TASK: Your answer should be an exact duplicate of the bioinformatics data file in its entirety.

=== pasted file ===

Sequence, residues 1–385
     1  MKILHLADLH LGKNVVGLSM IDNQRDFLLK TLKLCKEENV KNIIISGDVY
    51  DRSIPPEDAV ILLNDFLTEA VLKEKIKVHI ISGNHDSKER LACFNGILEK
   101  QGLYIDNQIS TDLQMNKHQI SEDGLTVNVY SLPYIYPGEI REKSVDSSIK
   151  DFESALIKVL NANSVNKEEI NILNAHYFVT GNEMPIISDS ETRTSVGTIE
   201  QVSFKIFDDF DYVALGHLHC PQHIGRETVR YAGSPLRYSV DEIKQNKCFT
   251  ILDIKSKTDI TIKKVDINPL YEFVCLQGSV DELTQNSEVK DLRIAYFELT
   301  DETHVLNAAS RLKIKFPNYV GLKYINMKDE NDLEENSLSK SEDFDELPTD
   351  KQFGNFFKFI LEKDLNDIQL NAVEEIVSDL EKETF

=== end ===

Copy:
Sequence, residues 1–385
     1  MKILHLADLH LGKNVVGLSM IDNQRDFLLK TLKLCKEENV KNIIISGDVY
    51  DRSIPPEDAV ILLNDFLTEA VLKEKIKVHI ISGNHDSKER LACFNGILEK
   101  QGLYIDNQIS TDLQMNKHQI SEDGLTVNVY SLPYIYPGEI REKSVDSSIK
   151  DFESALIKVL NANSVNKEEI NILNAHYFVT GNEMPIISDS ETRTSVGTIE
   201  QVSFKIFDDF DYVALGHLHC PQHIGRETVR YAGSPLRYSV DEIKQNKCFT
   251  ILDIKSKTDI TIKKVDINPL YEFVCLQGSV DELTQNSEVK DLRIAYFELT
   301  DETHVLNAAS RLKIKFPNYV GLKYINMKDE NDLEENSLSK SEDFDELPTD
   351  KQFGNFFKFI LEKDLNDIQL NAVEEIVSDL EKETF